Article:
Consumers around the world are becoming even more concerned about the state of the environment. One of the main issues that consumers are most concerned about is food waste. Many consumers have been exposed to high-profile stories about retailers, brands, and food outlets throwing away perfectly edible food. In addition, they will also know that their own shopping and consumption habits are guilty of food waste that can be avoided. In this blog, we discuss the drive of upcycled food and drinks, whilst mentioning some of the companies that have experienced the success of it along the way.
Sustainability is one of the biggest issues for many shoppers right now. Increasingly, most consumers are now opting for brands or products that have recyclable or biodegradable packaging, or even brands that are known to support environmental conservation efforts through direct action or donations.
One of the largest sustainability issues we're currently facing within the food & beverage industry is food waste. According to the Upcycled Food Association, we lose roughly $1 trillion per year on food that is wasted or lost, globally. This is usually down to food going bad before it's able to reach the final consumer or food by-product from manufacturing that is deemed as unusable.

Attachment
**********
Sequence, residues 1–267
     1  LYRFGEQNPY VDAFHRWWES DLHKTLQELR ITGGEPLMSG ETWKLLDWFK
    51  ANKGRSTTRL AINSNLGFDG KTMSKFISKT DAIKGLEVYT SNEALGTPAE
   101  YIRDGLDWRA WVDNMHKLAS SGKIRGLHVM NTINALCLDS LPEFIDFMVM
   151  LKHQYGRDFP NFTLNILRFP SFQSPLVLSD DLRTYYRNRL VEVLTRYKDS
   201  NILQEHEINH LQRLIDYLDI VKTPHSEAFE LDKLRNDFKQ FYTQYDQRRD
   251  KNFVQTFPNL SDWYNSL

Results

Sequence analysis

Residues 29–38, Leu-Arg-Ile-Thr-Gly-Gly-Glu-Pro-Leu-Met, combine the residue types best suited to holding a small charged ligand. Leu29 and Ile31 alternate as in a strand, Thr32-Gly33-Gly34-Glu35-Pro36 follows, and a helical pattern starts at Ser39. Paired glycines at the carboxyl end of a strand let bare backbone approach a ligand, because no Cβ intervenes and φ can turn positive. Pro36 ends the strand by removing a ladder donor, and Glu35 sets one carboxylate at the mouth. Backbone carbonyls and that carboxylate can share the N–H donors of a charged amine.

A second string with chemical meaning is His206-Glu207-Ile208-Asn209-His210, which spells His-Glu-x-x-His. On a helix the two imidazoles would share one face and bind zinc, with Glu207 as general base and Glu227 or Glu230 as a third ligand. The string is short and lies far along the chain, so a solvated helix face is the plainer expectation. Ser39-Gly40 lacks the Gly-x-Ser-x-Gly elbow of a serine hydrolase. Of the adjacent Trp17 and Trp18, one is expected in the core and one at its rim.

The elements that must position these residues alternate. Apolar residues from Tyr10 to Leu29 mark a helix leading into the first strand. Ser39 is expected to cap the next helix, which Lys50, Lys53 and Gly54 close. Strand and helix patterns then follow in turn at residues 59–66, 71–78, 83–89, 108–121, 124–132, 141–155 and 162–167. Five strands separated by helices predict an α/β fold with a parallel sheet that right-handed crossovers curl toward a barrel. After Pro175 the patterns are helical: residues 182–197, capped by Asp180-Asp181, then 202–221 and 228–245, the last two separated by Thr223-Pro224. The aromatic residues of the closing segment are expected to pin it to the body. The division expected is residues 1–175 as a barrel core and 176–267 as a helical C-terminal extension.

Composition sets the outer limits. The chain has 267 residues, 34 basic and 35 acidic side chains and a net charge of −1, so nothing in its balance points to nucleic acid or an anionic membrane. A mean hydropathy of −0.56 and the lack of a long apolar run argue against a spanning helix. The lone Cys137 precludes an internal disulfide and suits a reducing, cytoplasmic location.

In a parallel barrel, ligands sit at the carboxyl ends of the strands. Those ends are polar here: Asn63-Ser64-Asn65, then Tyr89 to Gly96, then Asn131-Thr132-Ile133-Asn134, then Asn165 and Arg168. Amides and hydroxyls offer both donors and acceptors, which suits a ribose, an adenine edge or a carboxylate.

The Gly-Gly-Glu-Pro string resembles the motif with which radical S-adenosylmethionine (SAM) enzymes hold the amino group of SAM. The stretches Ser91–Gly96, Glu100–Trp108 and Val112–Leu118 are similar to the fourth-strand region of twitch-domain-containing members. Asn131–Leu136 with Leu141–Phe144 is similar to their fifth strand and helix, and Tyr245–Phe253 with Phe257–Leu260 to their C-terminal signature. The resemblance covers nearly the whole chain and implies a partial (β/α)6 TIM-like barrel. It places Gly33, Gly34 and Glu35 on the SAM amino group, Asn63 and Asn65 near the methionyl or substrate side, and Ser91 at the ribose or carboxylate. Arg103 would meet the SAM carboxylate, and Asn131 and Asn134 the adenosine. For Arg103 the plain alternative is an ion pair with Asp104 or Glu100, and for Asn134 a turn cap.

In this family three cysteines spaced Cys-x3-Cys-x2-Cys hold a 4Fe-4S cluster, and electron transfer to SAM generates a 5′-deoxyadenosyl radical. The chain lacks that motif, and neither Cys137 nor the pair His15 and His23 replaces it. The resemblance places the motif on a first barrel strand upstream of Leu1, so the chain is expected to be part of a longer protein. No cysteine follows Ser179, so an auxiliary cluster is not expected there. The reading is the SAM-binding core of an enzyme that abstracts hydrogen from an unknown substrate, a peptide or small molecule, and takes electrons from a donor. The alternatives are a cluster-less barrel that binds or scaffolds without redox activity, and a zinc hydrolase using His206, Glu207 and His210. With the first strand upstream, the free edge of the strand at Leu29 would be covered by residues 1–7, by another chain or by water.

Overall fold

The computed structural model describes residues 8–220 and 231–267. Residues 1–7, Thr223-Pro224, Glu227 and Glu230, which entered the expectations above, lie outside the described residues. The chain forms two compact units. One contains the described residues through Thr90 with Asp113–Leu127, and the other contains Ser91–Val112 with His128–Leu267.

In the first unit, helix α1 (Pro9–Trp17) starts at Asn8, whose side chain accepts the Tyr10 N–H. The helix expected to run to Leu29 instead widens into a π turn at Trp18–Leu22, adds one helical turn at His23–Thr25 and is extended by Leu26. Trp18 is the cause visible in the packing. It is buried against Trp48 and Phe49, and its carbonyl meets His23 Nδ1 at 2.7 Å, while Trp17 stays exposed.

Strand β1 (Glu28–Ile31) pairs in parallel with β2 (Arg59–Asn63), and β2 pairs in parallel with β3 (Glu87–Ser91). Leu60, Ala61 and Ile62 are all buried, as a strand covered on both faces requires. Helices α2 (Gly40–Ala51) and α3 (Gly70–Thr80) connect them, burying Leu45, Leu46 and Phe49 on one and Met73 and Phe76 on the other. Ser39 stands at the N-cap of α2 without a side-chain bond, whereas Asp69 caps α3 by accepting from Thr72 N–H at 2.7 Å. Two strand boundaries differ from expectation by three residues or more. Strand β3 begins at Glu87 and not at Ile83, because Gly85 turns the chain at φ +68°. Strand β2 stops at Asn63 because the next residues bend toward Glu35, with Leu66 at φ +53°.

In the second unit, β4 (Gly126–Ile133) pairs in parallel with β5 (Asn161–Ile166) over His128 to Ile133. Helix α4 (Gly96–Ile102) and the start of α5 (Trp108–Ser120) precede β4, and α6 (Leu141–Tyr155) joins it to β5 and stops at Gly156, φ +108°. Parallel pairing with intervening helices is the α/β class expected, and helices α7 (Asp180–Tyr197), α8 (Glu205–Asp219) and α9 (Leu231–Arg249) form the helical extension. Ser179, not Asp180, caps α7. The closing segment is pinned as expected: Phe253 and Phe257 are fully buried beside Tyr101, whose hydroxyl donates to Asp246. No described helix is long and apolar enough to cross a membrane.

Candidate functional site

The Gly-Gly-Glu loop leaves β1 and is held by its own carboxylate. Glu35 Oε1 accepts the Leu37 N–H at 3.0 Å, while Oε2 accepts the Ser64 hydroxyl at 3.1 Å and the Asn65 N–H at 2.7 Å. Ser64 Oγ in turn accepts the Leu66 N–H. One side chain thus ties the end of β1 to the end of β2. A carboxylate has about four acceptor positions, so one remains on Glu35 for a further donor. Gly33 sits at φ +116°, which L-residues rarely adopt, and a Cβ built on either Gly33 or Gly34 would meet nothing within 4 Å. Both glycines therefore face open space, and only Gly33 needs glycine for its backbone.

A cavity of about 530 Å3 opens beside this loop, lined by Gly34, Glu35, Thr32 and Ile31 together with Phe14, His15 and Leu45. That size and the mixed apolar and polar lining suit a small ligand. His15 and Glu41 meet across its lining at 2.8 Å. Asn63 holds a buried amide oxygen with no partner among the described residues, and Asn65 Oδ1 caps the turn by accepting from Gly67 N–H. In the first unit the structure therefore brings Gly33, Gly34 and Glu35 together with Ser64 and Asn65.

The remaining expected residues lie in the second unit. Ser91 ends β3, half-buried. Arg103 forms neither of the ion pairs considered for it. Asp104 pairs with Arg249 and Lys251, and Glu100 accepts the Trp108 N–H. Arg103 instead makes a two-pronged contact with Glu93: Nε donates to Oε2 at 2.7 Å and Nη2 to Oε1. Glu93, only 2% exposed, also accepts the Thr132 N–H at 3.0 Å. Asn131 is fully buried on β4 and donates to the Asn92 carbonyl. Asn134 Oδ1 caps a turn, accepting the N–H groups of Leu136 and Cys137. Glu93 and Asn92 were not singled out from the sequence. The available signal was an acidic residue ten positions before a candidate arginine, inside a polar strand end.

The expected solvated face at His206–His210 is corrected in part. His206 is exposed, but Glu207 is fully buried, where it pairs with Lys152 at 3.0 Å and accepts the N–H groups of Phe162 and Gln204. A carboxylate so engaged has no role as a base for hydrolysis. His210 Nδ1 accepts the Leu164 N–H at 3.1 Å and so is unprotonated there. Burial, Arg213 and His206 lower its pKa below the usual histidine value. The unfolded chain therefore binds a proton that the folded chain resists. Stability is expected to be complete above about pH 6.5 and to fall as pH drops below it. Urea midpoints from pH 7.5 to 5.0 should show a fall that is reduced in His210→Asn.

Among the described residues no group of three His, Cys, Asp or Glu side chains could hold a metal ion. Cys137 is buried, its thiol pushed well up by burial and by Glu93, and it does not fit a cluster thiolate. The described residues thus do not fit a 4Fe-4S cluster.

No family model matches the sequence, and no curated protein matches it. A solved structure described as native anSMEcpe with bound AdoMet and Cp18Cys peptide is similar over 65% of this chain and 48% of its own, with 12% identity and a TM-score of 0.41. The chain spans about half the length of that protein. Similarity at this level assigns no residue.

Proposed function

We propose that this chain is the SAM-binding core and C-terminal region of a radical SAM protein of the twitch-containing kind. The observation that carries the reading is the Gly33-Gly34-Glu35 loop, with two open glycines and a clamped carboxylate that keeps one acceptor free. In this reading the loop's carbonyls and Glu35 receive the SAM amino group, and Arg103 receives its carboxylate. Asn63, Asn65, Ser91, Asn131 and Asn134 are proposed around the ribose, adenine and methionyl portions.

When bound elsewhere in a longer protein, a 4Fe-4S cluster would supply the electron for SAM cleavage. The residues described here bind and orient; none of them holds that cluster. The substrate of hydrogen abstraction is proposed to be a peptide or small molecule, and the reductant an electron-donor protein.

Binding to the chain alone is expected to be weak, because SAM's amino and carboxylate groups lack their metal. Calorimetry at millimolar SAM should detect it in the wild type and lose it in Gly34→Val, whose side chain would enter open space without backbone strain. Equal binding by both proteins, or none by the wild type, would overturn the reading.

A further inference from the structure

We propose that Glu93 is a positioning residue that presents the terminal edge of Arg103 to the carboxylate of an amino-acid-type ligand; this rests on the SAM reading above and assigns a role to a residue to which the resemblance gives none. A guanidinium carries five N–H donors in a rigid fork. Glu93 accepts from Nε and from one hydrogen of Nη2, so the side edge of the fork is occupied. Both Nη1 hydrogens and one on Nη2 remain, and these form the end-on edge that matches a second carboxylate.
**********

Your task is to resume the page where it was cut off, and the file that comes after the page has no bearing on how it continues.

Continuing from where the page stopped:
With more than 30% of food that's produced globally heading for the bin, upcycling excess food and by-products has become an extremely popular strategy. Not only does it have consumer appeal, but it also makes sense for the bottom line. But what is the definition of upcycled food?
The term 'upcycled food' has an official definition that's been created by the non-profit Upcycled Food Association - 'Upcycled foods use ingredients that otherwise would not have gone to human consumption, are procured and produced using verifiable supply chains, and have a positive impact on the human environment'.
Upcycled food is one of the most rapidly growing markets in the food & beverage industry. According to Forbes, "Food Network Magazine and Whole Foods listed upcycled foods as a top trend for 2021 and a report produced by Future Market reveals that the upcycled food market is worth $46.7 billion with an expected CAGR of 5% over the next 10 years.". However, to many people, the idea of eating a product that's made of "waste" seems quite unappealing - but upcycled food is much different than what you're imagining, and with sustainability being the #1 goal to most, it's safe to say that it's here to stay.
Waking Up to Upcycled Food & Drink.
Upcycling took off over the last few years due to the increasing awareness about the scale of the global food crisis that was introduced, alongside of the growing trends towards sustainable businesses. Adding to this, the Covid-19 pandemic has stretched global supply chains, which has given what businesses call a "once in a lifetime opportunity" to try and tackle food waste and make more with less.
The Drive of Upcycled Food & Drink.
Back in 2015, the U.N. had declared its ambition to end food waste by setting a 50% reduction by 2030 with their sustainable development goals. This encouraged governments around the world to adopt the target as an official policy.